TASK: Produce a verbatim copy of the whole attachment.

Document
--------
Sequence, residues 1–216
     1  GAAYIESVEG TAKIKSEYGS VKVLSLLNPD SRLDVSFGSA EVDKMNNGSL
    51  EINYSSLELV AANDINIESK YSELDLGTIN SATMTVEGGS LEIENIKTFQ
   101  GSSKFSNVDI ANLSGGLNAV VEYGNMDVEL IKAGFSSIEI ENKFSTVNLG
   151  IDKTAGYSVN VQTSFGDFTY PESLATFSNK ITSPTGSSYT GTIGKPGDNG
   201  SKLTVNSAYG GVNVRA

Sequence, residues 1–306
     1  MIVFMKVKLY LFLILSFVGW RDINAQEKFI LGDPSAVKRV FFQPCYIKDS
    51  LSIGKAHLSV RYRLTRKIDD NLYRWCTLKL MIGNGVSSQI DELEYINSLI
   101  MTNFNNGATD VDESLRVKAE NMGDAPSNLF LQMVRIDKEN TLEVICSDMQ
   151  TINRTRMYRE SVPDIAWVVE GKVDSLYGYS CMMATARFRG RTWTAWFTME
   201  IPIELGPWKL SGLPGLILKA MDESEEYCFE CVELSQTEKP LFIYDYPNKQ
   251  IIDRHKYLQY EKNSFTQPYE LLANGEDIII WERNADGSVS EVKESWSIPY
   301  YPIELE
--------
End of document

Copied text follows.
Sequence, residues 1–216
     1  GAAYIESVEG TAKIKSEYGS VKVLSLLNPD SRLDVSFGSA EVDKMNNGSL
    51  EINYSSLELV AANDINIESK YSELDLGTIN SATMTVEGGS LEIENIKTFQ
   101  GSSKFSNVDI ANLSGGLNAV VEYGNMDVEL IKAGFSSIEI ENKFSTVNLG
   151  IDKTAGYSVN VQTSFGDFTY PESLATFSNK ITSPTGSSYT GTIGKPGDNG
   201  SKLTVNSAYG GVNVRA

Sequence, residues 1–306
     1  MIVFMKVKLY LFLILSFVGW RDINAQEKFI LGDPSAVKRV FFQPCYIKDS
    51  LSIGKAHLSV RYRLTRKIDD NLYRWCTLKL MIGNGVSSQI DELEYINSLI
   101  MTNFNNGATD VDESLRVKAE NMGDAPSNLF LQMVRIDKEN TLEVICSDMQ
   151  TINRTRMYRE SVPDIAWVVE GKVDSLYGYS CMMATARFRG RTWTAWFTME
   201  IPIELGPWKL SGLPGLILKA MDESEEYCFE CVELSQTEKP LFIYDYPNKQ
   251  IIDRHKYLQY EKNSFTQPYE LLANGEDIII WERNADGSVS EVKESWSIPY
   301  YPIELE